Asghar Davood, Hamed Shafaroodi, Mohsen Amini, Alireza Nematollahi, Mehrshad Shirazi and Maryam Iman Pages 953 - 963 ( 11 )
A series of compounds including N-aryl substituents of phthalimide and 4-nitrophthalimide were synthesized and evaluated for their anticonvulsant properties. The in vivo screening data suggest that all the analogs have the ability to protect against pentylenetetrazole-induced seizures. These compounds exerted their maximal effects 30 min after administration. The most potent compound in both, tonic and clonic seizure was 1-naphthyl derivative (comp. 6), which was more active than the reference drug known as Phenytoin. Using an open pore model of the Na channel, these anticonvulsants were docked in the active site and examined in relation to the residues identified by mutagenesis as important for their binding energies. Docking studies revealed that all compounds (1-13) interacted mainly with residues II-S6 of NaV1.2 by making hydrogen bonds and additional hydrophobic interactions with domain I and II in the channel's inner pore.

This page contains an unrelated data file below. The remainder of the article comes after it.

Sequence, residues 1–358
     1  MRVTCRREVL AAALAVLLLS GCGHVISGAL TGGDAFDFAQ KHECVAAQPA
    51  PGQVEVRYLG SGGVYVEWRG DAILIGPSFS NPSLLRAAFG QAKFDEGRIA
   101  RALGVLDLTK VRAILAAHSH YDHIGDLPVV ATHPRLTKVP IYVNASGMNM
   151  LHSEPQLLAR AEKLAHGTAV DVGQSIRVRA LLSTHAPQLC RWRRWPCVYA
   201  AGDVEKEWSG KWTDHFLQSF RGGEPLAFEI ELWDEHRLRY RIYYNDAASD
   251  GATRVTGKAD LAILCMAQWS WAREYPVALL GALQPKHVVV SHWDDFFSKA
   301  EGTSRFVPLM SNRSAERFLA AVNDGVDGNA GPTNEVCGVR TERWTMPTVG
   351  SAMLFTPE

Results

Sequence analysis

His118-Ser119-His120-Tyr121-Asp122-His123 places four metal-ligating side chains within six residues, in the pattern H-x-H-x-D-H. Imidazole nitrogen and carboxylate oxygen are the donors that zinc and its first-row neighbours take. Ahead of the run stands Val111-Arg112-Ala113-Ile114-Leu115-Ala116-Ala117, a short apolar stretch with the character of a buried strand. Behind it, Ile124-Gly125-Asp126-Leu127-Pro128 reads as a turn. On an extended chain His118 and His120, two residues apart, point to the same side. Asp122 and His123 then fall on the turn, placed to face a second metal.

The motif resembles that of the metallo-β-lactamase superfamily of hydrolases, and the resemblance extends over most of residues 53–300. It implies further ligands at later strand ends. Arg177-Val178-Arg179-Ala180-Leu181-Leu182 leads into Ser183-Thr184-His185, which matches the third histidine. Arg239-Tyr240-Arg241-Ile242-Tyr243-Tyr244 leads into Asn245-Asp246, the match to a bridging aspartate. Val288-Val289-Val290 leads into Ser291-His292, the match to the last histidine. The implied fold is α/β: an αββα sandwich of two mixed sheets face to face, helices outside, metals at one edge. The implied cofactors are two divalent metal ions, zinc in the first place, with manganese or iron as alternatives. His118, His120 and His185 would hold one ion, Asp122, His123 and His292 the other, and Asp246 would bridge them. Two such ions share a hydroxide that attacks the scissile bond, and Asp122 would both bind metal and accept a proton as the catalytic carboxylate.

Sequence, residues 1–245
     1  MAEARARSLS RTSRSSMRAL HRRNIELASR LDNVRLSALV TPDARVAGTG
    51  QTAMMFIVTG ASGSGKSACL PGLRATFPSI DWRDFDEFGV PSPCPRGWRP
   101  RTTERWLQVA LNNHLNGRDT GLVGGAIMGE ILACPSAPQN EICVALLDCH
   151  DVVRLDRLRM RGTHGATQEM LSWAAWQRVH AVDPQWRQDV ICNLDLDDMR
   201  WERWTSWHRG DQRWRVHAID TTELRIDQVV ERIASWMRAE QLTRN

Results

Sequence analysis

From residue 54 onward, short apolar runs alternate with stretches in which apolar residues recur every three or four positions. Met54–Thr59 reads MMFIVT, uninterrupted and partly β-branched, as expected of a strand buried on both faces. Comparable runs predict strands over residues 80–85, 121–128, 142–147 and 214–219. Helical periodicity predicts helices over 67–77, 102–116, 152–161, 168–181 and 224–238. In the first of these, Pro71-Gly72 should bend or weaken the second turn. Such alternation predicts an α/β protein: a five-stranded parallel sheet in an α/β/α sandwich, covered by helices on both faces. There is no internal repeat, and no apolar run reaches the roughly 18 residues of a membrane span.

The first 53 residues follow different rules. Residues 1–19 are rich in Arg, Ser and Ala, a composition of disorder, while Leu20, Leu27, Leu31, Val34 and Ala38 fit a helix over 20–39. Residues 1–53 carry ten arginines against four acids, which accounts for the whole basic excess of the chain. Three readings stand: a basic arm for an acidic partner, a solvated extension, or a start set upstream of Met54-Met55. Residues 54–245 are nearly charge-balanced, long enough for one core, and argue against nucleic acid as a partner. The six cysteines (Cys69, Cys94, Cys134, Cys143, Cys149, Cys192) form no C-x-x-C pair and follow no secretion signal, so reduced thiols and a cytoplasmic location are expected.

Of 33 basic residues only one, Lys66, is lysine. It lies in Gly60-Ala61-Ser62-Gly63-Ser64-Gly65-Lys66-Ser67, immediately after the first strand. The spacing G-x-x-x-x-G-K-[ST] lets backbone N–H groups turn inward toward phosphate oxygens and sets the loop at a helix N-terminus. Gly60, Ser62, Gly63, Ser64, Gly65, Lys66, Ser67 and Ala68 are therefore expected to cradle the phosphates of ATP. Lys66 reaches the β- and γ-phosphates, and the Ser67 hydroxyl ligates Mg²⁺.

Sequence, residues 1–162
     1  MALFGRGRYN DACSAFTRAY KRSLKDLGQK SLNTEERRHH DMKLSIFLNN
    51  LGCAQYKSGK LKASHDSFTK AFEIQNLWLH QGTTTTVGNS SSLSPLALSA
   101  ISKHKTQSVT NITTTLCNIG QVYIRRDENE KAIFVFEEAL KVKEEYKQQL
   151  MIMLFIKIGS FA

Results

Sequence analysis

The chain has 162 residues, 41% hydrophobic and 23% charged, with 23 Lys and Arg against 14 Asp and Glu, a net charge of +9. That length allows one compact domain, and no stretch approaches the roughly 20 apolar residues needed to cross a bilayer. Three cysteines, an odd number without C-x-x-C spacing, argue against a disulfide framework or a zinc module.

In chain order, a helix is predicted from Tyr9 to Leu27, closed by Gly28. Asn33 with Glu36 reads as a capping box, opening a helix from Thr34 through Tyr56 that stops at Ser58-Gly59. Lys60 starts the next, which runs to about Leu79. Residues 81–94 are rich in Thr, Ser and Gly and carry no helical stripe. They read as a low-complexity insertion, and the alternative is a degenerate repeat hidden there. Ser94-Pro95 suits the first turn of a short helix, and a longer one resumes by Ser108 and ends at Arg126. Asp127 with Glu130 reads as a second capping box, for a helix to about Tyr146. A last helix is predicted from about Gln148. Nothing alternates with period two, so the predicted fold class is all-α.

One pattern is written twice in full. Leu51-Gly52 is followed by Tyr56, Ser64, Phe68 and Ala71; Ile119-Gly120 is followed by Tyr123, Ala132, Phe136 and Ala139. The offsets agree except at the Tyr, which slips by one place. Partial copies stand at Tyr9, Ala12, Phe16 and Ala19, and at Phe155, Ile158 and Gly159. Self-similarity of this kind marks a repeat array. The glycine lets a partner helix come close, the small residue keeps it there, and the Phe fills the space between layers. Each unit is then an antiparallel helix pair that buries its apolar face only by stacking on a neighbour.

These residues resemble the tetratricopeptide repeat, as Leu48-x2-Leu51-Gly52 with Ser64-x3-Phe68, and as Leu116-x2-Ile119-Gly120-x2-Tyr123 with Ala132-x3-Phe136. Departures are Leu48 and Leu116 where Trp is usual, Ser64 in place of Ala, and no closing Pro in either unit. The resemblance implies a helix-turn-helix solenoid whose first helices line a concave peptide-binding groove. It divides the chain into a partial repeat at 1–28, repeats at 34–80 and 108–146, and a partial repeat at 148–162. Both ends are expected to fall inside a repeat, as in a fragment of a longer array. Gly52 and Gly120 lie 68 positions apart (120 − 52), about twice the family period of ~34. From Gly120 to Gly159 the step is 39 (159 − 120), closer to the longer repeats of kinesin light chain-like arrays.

Phthalimide, Nitrophthalimide, Seizure, Phenytoin, Epilepsy, Na channel, hydrogen bond, N-phenylphthalimide derivatives, drug, aromatic amines
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